Ever notice your dog yawning throughout the day? Have they seemed abnormally sluggish over the last year of quarantine? Do they seem less interested in daily activities, almost as if they’re a chore to take care of?
Your dog might be bored. It’s a weird thing to say because how can a dog even become bored? They’re such happy-go-lucky creatures. How could it be possible?
Your dog is likely to be as bored as you have been this last year, stuck at home. That lack of physical and mental stimulation for dogs can have a significant impact, leading to boredom, anxiety, and depression.
But how do you ward off boredom in dogs? It’s actually easier than it may sound. Much the same as humans, dogs greatly benefit from mental stimulation. Whether it’s a new game, a new trick, or a new toy to play with, your dog needs to have a new stimulus which will excite them, breathing some life back into their daily routine. Reward their good behavior with collagen chews and you’re talking about a dog completely free of boredom.
Here are just a few ways to keep your dog mentally stimulated, helping them ward off boredom by spicing up their routine.
Ways to Keep Your Dog Mentally Active
Play stimulating games with your dog.
One of the simplest ways to keep your dog mentally attentive is to play regular games with them. The basics can include games like fetch, tossing a frisbee and seeing if they can catch it mid-air, and more. You can even take the fun indoors, setting up a Rube Goldberg treat-giving mechanism or playing hide and seek throughout the house. They’re bound to find the last game intriguing, as they’ll have to sniff all around the house in search of you.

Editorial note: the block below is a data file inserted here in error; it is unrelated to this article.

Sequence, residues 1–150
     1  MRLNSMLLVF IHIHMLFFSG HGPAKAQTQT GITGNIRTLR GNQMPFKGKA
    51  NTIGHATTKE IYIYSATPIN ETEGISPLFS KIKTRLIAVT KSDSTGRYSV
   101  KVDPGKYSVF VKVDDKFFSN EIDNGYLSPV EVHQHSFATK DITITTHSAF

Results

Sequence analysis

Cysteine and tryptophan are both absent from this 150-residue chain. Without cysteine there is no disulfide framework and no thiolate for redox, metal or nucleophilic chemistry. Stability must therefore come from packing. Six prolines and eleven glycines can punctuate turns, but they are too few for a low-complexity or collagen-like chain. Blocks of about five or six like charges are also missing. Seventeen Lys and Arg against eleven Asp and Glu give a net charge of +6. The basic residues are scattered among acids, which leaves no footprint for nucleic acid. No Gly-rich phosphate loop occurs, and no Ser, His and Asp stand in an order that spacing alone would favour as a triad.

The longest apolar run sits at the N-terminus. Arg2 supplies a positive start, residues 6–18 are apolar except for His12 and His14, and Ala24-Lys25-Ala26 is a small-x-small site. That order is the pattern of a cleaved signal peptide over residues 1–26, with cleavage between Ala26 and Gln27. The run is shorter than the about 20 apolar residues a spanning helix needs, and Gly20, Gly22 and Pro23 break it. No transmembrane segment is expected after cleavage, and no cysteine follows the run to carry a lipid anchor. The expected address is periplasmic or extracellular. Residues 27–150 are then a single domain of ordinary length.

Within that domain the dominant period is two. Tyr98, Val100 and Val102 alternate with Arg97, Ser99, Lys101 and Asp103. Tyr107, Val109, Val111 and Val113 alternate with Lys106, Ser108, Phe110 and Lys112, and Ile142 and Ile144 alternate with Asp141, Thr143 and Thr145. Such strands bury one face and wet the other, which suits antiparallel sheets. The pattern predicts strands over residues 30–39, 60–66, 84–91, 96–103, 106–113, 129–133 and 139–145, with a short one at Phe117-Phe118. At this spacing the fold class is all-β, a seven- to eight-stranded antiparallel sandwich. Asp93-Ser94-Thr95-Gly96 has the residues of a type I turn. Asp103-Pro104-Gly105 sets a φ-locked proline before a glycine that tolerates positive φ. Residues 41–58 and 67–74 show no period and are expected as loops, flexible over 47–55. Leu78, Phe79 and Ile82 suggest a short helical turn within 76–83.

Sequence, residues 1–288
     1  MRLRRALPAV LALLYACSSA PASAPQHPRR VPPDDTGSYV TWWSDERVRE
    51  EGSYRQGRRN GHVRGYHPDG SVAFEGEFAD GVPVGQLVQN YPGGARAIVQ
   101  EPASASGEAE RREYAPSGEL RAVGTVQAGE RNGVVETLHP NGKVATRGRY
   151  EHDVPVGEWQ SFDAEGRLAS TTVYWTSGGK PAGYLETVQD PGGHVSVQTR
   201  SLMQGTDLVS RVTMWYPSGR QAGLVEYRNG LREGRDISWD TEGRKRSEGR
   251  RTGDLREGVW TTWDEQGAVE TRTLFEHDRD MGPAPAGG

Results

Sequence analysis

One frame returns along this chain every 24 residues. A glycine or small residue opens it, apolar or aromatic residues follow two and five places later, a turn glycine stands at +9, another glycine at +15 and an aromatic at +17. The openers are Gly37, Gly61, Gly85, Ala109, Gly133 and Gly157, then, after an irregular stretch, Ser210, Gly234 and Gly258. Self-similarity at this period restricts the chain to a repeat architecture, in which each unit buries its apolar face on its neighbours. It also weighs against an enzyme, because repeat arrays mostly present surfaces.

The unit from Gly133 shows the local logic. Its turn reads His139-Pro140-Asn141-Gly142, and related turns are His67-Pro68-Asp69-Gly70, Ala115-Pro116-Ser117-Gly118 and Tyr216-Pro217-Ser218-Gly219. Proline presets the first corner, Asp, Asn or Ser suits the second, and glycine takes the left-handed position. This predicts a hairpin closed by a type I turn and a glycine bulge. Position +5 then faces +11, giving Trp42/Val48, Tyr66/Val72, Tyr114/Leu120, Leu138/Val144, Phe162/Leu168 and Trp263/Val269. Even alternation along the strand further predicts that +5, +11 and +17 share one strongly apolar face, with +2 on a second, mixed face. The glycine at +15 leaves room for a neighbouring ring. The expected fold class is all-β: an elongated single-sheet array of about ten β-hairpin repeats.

Let your dog sniff around on walks.
Dogs love to sniff — they’re animals who lead with their noses, most of all. They love sniffing because it allows them to get an idea for their surroundings: what other animals have been in the area recently, what food is cooking nearby, and whether or not someone they know happened to be here not too long ago.
Let them sniff as they wish! You should pull them back if they try to sniff something potentially dangerous or gross, such as another dog’s feces or random food sitting on the sidewalk, as they may also decide to have a taste. Otherwise, they should be free to explore to see what the world has to offer them.
Make your dog work for their food.
Your dog should have to work for every meal. Not exactly as hard as you have to, but enough to ensure that they know the rules and are able to act accordingly. Make them follow a few commands before they get their breakfast and dinner. This includes having them wait for their food — wherein they must sit and wait for your “okay” command to approach their bowl and eat. Others can include having them perform simple tricks to earn their meal.
The former is a great way to test their listening and mental toughness. It might be hard to teach them at first, as they likely won’t want to listen, but it’s important to establish a relationship between owner and pet.